Tomorrow, June 30, I’ll be voting for the second time this month. This time I’ll be going to the polls to select Trinity-Spadina’s new MP, a position that opened up after Olivia Chow resigned her seat in order to save us from Rob Ford.
I have two predictions for this by-election. The first is that the turnout is going to be beyond pathetic. The election is taking place on the day between the weekend and Canada Day; tons of people are out-of-town and those who are around are busy with BBQs, covering their co-workers’ shifts and just enjoying the weather. I will be shocked if voter turnout for this by-election hits 40 per cent.
I’m not one for conspiracy theories but I can’t help but think that this crappy election date was picked by the federal government as sort of a “fuck you” to my ward, a traditional Conservative weakhold (no, that’s not a word, I just made that up). If there was even a chance that a Conservative MP might take this riding, I suspect that the by-election would have been called for a different, more voter-friendly date.
My second prediction is that Liberal candidate Adam Vaughn will win. Yes, this riding has been NDP for years but I think that, just like in the provincial election, it’ll be switching from orange to red. NDP candidate Joe Cressy has been trying his best but based on the number of signs and just general chatter, Vaughn’s got it.
I’m not a huge fan of Adam Vaughn but I like Justin Trudeau and the direction he’s taking the Liberals in. I also think that he could take out the Conservatives in the next federal election. And for that reason alone I’ll be happy with a Liberal victory in my riding.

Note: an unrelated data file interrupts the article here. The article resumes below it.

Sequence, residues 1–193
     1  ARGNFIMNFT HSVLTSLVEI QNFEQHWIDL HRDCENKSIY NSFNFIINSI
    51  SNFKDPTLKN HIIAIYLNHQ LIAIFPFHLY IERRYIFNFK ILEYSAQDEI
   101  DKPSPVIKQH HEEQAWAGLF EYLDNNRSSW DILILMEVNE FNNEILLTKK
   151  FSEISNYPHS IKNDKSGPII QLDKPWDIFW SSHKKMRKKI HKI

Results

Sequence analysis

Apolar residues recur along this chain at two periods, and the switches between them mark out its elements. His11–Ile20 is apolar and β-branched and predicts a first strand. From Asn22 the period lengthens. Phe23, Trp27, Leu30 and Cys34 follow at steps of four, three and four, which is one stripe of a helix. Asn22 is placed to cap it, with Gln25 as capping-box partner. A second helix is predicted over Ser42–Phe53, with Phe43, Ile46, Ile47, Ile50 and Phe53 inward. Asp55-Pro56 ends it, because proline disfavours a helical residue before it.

In the provincial election I voted strategically in order to help prevent the Conservatives from coming into power. But since that’s not an issue in this by-election, this time I’m voting for my beliefs and the party that best matches them is the Green Party.
It’s being represented by criminal defence and animal rights lawyer Camille Labchuk. I know, I know, she doesn’t stand a chance of winning but for me, in this by-election, it’s not about voting for a winner, it’s about making a statement about which party I truly support. In this case, it’s one that puts the environment first and combines both progressive and conservative beliefs to create a sensible economic platform.
I’ve actually seen more than a few signs up for Camille (certainly more than for the Conservative candidate) and I’m quite curious about what she’ll end up with. In the provincial election, the Green candidate earned just over 7 per cent but I suspect that Camille will earn more since this by-election won’t make or break the ruling government. Maybe she’ll even hit 10 per cent.
While watching election results isn’t exactly a classic summer activity, participating in democracy is actually a great way to celebrate Canada Day. It’s just too bad that more of my neighbours won’t be able to take part.